Some types of cancers rarely spread to the brain, such as colon cancer or prostate cancer.
Growing brain tumors may place pressure on nearby parts of the brain. Brain swelling due to these tumors also causes increased pressure within the skull.
Brain tumors that spread are classified based on the location of the tumor in the brain, the type of tissue involved, the original location of the tumor, and other factors. Rarely, a tumor can spread to the brain from an unknown location. This is called cancer of unknown primary (CUP) origin.
Metastatic brain tumors occur in about one-fourth of all cancers that spread through the body. They are much more common than primary brain tumors (tumors that start in the brain) and occur in 10 - 30% of adult cancers.
Note: Specific symptoms vary. The symptoms commonly seen with most types of metastatic brain tumor are those caused by increased pressure in the brain.
Signs and tests
An examination shows brain and nervous system (neurologic) changes based on where the tumor is located in the brain. Signs of increased pressure in the skull are also common. Some tumors may not show signs until they are very large. Then, they cause a very quick decline in nervous system function.
The original (primary) tumor may be found by examining tumor tissues from the brain.
Treatment depends on the size and type of the tumor, from where in the body it spread, and the patient's general health. The goals of treatment may be to relieve symptoms, improve functioning, or provide comfort.
Radiation to the whole brain is often used to treat tumors that have spread to the brain, especially if there is more than one tumor.
Surgery may be used for metastatic brain tumors when there is a single tumor and the cancer hasn't spread to other parts of the body. Some tumors may be completely removed. Tumors that are deep or that extend into brain tissue may be debulked (reduced in size).
Surgery may reduce pressure and relieve symptoms in cases when the tumor cannot be removed.
Chemotherapy for metastatic brain tumors is not as helpful as surgery or radiation.
Stereotactic radiosurgery is used at some hospitals. This form of radiation therapy focuses high-powered x-rays on a small area of the brain.
Medications for brain tumor symptoms may include:
Antacids or antihistamines to control stress ulcers
Anticonvulsants such as phenytoin or levetiracetam to reduce or prevent seizures
Corticosteroids such as dexamethasone to reduce brain swelling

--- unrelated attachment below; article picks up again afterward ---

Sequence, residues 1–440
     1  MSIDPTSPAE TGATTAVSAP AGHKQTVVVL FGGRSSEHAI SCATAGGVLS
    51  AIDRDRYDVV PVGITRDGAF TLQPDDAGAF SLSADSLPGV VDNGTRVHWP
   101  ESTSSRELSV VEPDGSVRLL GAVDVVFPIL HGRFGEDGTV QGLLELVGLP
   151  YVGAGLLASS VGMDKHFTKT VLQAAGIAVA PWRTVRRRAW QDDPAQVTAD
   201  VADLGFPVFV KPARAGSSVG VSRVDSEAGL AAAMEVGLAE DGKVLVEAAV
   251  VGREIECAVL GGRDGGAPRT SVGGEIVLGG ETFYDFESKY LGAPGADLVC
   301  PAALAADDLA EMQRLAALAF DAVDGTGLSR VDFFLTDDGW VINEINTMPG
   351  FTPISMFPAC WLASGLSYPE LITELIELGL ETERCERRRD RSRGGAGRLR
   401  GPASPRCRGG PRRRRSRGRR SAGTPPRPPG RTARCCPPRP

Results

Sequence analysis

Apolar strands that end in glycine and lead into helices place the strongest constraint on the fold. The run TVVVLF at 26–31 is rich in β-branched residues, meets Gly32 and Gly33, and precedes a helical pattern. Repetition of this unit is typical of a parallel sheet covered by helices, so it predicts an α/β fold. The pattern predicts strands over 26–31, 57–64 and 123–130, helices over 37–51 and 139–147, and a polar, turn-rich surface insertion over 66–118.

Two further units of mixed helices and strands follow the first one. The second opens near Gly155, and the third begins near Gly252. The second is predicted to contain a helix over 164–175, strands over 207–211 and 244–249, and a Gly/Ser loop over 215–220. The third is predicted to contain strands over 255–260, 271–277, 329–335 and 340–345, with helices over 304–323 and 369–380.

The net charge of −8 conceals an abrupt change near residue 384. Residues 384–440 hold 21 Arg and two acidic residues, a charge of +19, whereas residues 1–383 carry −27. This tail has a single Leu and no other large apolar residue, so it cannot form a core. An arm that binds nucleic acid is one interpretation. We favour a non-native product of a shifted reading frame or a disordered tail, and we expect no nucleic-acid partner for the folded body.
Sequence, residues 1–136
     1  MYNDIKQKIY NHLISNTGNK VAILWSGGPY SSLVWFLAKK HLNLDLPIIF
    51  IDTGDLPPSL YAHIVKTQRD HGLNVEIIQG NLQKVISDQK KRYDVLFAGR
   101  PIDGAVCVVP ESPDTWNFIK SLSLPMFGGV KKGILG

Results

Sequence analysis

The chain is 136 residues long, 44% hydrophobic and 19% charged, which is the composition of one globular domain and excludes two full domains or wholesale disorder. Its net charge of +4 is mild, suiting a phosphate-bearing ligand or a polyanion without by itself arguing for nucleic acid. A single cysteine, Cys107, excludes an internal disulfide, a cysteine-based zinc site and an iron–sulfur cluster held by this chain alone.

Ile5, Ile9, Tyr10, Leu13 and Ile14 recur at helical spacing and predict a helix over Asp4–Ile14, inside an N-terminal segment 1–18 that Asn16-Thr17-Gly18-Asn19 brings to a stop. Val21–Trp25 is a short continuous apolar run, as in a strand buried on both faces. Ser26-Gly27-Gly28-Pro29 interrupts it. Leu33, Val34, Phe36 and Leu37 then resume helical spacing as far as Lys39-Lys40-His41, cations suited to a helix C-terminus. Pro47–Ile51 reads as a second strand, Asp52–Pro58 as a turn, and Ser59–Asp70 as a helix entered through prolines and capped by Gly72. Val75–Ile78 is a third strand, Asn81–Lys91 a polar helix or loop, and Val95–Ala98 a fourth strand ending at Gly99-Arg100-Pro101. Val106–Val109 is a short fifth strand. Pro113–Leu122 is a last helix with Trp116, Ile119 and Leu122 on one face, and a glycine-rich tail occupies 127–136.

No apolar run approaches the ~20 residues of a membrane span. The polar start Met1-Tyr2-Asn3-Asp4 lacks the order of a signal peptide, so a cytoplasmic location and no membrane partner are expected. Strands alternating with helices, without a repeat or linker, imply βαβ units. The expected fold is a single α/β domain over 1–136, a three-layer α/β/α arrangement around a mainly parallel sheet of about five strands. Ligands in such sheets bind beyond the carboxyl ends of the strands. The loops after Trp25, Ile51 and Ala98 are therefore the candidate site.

Osmotic diuretics such as urea or mannitol to reduce brain swelling
When the cancer has spread, treatment may focus on relieving pain and other symptoms. This is called palliative or supportive care.
Comfort measures, safety measures, physical therapy, occupational therapy, and other treatments may improve the patient's quality of life. Some people may want to get legal advice to help them create advanced directives, such as a power of attorney.
You can ease the stress of illness by joining a support group where members share common experiences and problems. See: Cancer - support group
In general, the outcome is fairly poor. For many people with metastatic brain tumors, the cancer is not curable. It will eventually spread to other areas of the body. Death often occurs within 2 years.
Permanent, severe loss of nervous system function that gets worse over time
Calling your health care provider
Call your health care provider if you develop a persistent headache that is new or different for you.
Call your provider or go to the emergency room if you or someone else suddenly develops stupor, vision changes, or speech impairment, or has seizures that are new or different.
Maity A, Pruitt AA, Judy KD, Phillips PC, Lustig R. Cancer of the central nervous system. In: Abeloff MD, Armitage JO, Niederhuber JE, Kastan MB, McKenna WG, eds. Abeloff's Clinical Oncology. 4th ed. Philadelphia, Pa: Elsevier Churchill Livingstone; 2008:chap 70.
Deangelis LM. Tumors of the central nervous system and intracranial hypertension and hypotension. In: Goldman L, Schafer AI, eds. Cecil Medicine. 24th ed. Philadelphia, Pa: Saunders Elsevier; 2011:chap 195.
Linda J. Vorvick, MD, Medical Director and Director of Didactic Curriculum, MEDEX Northwest Division of Physician Assistant Studies, Department of Family Medicine, UW Medicine, School of Medicine, University of Washington; and Yi-Bin Chen, MD, Leukemia/Bone Marrow Transplant Program, Massachusetts General Hospital. Also reviewed by David Zieve, MD, MHA, Medical Director, A.D.A.M. Health Solutions, Ebix, Inc.